Measure your tree and your yard, and be sure there is enough space for the entire tree to safely hit the ground. Trees can be a lot taller and wider than they appear when looking up from underneath. Ideally, the landing spot should be fairly level to prevent the tree from rolling or bouncing. You also want a fall path that’s clear of other trees; one falling tree can pull down several others on its way down, with potentially catastrophic results.
DON’T forget your escape routes.
Once you’ve determined that the tree is safely within your capabilities to fell, established a fall path, and gathered your equipment, it’s time to clear the area. First, move any pets, people, or other objects out of the fall path. Now, plan and clear two escape routes on the non-fall side of the tree. You’ll use one of these to safely get away from the tree as it tumbles. Since a falling tree can be unpredictable, it’s good to have two escape routes in case the tree falls in a direction you weren’t expecting.
The escape routes should be at a roughly 45-degree angle to each other, at least 15 feet long, and aimed straight away from the falling tree. They should also be free of brush, rocks, or any other tripping hazards. Trim away any brush or low branches around the tree you’re about to cut down.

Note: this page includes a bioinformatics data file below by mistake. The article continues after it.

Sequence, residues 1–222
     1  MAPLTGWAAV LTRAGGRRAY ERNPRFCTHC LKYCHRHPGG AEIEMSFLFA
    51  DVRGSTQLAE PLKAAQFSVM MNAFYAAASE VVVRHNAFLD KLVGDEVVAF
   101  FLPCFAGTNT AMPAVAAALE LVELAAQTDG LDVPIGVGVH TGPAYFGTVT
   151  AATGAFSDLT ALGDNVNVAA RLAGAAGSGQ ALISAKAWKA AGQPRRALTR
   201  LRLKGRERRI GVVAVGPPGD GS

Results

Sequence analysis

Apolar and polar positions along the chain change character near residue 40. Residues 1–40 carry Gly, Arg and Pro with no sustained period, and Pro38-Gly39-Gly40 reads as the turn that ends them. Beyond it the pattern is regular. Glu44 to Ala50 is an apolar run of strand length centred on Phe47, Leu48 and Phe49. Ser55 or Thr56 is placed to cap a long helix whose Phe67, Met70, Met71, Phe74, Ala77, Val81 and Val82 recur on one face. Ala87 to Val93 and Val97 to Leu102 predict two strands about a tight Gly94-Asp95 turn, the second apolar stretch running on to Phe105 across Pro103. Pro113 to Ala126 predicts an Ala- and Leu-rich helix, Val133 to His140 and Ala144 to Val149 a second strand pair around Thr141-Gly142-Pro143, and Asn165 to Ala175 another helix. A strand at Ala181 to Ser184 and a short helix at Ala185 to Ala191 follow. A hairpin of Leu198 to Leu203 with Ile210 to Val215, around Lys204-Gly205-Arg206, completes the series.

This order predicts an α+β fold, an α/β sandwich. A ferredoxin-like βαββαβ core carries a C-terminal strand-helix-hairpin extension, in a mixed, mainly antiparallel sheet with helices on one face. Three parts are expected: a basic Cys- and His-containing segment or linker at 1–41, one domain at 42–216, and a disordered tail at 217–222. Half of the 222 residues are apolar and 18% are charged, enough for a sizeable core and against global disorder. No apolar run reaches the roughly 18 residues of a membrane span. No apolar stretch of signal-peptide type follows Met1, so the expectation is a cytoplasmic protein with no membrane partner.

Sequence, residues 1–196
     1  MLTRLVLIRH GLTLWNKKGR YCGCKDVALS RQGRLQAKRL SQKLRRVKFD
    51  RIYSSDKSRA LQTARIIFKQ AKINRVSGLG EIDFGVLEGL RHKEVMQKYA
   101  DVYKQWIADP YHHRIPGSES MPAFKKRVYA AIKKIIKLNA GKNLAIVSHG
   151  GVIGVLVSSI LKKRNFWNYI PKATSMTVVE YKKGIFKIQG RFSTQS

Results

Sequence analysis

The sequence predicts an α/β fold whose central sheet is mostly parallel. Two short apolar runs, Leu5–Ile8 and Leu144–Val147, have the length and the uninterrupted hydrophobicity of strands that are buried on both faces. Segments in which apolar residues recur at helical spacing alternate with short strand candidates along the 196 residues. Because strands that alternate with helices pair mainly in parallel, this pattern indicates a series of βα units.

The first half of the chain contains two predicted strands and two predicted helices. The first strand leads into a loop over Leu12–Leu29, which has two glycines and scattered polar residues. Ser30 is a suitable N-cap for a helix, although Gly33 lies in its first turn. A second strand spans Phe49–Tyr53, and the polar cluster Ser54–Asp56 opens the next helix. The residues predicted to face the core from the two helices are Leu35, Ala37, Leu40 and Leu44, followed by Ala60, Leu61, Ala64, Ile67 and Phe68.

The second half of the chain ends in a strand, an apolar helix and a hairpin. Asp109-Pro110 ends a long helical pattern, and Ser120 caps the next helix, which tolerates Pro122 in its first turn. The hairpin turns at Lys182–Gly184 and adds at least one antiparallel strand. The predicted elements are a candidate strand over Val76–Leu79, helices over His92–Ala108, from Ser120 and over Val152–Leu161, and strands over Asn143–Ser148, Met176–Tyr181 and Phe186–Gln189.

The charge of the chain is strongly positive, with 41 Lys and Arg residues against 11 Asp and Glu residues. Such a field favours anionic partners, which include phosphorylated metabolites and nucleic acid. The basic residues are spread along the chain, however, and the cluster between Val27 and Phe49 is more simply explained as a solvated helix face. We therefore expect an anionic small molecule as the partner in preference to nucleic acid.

DO start with a notch.
Aiming your chainsaw straight through the middle of the trunk until it comes out the other side is likely to bring the tree down on you instead of away from you. Proper tree felling begins with a notch. Stand facing the tree so that where it will fall is on your right and your escape routes on your left. On the side of the tree facing the direction that the tree will fall, slice down into the trunk at a roughly 70-degree angle. Continue cutting on that angle until the chainsaw is around one-third of the way through the tree’s trunk. The bottom of this cut should be no more than two feet from the ground.
Now, cut horizontally into the tree at the bottom of your first cut. When the two cuts meet, you’ll have a notch cut into the trunk.
DON’T get careless.
The final cut is the felling cut, and this is where things often go wrong if you aren’t careful. Move to the opposite side of the tree from your notch. Saw into the tree at the same height as your notch, cutting just deep enough to insert your felling wedges. Do not remove your chainsaw from the cut: Leave it running, but lock the chain brake. Now use a mallet or hammer to pound in the felling wedges, positioning them behind your chainsaw blade.
Continue cutting into the tree on a horizontal line. The moment you feel the tree start to fall forward—right about when you’ve cut through all but 10 percent of the tree’s diameter—pull out your chainsaw, set the chain brake, and retreat down one of your escape routes until you’re at least 15 feet away from the falling tree. Do not turn your back on the tree as it falls; it should be within your sight the entire time.
Congratulations! If you’ve followed these guidelines, your tree should be safely on the ground, and you can begin reimagining your soon-to-be blank slate of a landscape.